Astronomical figures continue to be fetched at classic car auctions, raising fears over another Eighties-style bubble. With a Ferrari 250 GTO hitting a staggering $38 million in 2014, is too much money pouring into the market, or do simple supply and demand calculations tell a different story?
I spoke with John Taylor, Director at GT Two, a luxury car specialist skilled in the art of finding the unique and unobtainable. Car fixer for entrepreneurs, ageing rock stars and auto-enthusiasts, John is adamant that the current market ‘offers some of the most significant returns on investment in comparison with other asset classes’. There is an unprecedented level of interest with investors and enthusiasts alike building collections of rare, desirable models, he adds.
What has lead to such a hot market? According to John, the distortion emanates from greater sums of international uninformed money that did not exist during the bubbles of the late Eighties. Arab, Russian and Indian cash has been quickly and steadily pouring into the classic car market, inflating values of cars that traditionally wouldn’t have seen such dramatic price increases. The prime example is a Ferrari Dino: five years ago, they were available at around £100,000. Now some are fetching closer to £400,000. Few investments today could generate such returns – and if the car qualifies as a classic, it could be CGT exempt.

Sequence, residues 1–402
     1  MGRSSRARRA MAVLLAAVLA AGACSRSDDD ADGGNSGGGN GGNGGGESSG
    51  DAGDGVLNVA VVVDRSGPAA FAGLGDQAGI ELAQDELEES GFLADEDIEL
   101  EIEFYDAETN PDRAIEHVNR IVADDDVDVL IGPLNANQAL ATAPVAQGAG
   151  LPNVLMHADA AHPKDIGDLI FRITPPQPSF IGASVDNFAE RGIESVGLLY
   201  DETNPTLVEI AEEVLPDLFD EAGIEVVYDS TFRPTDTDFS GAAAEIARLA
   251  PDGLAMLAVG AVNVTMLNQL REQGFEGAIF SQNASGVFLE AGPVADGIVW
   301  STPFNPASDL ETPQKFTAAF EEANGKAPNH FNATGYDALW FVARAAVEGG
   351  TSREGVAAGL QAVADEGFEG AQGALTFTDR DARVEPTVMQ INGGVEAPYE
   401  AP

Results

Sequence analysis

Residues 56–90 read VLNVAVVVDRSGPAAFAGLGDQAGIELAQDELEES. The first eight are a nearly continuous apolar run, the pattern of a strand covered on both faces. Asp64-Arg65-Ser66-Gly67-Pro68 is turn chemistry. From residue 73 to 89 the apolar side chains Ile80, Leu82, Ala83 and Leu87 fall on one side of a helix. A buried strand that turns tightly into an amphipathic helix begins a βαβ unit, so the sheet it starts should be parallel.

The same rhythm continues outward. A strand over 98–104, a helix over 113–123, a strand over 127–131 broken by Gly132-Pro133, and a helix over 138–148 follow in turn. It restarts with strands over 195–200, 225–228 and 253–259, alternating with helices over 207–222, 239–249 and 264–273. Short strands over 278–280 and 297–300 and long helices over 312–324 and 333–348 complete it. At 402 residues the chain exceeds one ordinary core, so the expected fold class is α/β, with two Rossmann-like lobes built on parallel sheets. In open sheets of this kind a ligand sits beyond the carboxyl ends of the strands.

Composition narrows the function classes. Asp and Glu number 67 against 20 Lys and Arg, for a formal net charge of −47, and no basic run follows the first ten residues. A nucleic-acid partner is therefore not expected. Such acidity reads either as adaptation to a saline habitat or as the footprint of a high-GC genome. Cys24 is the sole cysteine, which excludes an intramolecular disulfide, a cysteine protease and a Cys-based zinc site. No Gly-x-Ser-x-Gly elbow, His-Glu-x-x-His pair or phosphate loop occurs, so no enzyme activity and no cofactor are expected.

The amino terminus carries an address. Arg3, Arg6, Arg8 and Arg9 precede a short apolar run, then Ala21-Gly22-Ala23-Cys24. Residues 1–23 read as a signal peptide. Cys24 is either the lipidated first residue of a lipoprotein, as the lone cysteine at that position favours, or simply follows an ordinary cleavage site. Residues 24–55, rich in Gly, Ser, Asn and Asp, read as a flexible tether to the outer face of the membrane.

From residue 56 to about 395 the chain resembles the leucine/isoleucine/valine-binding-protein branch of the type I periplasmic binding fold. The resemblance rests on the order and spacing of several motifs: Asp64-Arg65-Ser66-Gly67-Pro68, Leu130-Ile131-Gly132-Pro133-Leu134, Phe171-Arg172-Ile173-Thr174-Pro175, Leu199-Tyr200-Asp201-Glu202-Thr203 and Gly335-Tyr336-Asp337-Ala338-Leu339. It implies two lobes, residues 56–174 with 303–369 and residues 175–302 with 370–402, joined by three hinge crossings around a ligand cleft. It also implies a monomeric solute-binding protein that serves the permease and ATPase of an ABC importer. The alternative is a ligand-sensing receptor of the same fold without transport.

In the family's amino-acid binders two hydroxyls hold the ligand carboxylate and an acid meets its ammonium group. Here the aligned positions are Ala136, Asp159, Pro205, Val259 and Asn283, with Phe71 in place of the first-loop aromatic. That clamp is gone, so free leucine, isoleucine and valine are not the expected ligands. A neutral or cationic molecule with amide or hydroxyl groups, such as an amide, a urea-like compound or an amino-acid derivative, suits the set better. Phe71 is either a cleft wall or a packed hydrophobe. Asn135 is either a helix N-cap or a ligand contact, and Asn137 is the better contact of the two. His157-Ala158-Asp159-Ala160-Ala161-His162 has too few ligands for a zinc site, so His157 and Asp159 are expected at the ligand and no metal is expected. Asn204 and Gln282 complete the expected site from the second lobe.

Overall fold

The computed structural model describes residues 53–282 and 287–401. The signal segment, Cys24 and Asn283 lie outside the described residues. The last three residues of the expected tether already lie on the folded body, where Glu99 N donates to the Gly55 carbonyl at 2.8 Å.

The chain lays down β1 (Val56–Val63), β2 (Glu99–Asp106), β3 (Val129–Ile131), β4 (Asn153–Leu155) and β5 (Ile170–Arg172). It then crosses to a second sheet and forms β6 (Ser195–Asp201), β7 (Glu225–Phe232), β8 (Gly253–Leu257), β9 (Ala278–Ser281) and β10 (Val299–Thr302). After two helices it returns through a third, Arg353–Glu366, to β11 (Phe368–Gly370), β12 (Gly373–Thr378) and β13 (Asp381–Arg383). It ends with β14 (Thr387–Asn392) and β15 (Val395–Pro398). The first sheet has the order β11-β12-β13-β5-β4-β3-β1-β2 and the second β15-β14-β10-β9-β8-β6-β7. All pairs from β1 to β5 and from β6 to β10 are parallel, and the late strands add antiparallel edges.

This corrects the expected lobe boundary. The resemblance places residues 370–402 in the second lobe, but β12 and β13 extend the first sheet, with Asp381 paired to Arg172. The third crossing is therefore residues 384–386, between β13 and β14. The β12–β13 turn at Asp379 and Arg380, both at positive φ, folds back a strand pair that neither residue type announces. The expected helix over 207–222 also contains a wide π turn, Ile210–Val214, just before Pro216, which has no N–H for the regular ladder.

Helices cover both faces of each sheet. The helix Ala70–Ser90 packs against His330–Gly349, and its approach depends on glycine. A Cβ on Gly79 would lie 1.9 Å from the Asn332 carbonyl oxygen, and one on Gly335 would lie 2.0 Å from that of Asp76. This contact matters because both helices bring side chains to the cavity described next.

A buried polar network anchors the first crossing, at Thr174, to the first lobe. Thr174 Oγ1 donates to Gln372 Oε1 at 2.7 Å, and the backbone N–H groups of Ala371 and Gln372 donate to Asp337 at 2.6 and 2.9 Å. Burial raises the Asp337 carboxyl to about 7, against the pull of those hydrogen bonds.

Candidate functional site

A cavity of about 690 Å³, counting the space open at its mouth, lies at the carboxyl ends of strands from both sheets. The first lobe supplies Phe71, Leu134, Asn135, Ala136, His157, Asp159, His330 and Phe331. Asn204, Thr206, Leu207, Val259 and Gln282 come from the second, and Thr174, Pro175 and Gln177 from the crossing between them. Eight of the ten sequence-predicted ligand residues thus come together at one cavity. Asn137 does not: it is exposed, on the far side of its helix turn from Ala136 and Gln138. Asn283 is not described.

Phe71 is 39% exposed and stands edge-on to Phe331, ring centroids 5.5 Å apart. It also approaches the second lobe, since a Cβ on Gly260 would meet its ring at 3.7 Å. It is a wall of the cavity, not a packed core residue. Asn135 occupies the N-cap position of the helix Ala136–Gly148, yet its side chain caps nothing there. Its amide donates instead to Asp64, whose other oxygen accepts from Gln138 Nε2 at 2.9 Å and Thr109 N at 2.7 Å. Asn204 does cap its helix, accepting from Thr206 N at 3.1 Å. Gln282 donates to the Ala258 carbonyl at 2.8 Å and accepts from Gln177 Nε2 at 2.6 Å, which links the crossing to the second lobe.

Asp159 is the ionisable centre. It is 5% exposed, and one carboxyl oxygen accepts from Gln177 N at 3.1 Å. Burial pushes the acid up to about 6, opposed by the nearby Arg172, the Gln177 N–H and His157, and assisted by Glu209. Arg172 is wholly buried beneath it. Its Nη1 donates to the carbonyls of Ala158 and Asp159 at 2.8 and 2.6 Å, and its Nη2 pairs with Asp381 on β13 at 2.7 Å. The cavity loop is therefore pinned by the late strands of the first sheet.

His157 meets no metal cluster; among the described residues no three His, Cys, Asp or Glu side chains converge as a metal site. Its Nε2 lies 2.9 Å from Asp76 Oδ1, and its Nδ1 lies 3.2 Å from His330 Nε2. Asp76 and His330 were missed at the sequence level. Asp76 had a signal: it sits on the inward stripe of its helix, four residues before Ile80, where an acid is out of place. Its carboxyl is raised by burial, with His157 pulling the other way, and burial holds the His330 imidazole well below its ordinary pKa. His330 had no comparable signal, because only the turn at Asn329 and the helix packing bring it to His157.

However, the result is that uninformed investors are paying over the odds, in turn dragging up the prices of recent, less collectable Ferraris. I ask John if he thinks the bubble is imminently going to burst. ‘I currently expect the classic market to continue to perform strongly, and as values increase for niche classics like Ferrari, so those [who have been] priced out search for the next best thing, where values in old Maseratis have been steadily rising in the past year or two.’ There doesn’t seem to be much panicking in the market, and where domestic money pauses, foreign speculation doesn’t blink.
I spoke with one Ferrari collector outside JD Classics in Mayfair. Admiring the boys’ toys in the window, I asked him how he felt about the current climate. ‘It’s rather toppy’ was his answer. Nevertheless, he recently took delivery of a new limited edition Ferrari and is closing in on another classic. The reality of the market is that with limited supply and burgeoning demand, inflated valuations may become new price benchmarks.
How many Ferrari 250 GT Lussos were built between 1963-64? 351. Demand vastly outstrips supply. There will only ever be a finite quantity of rare cars exhibiting the right provenance, service history and low mileage. With the Hagerty Market Rating Index, a benchmark for classic auctions, at buoyant rather than overheated, expect rare auto-exotica to continue to strengthen in value. The only pity is that with more cars treated as investments and less as mechanical art to be enjoyed, we will see less and less of these rare beauties on the road.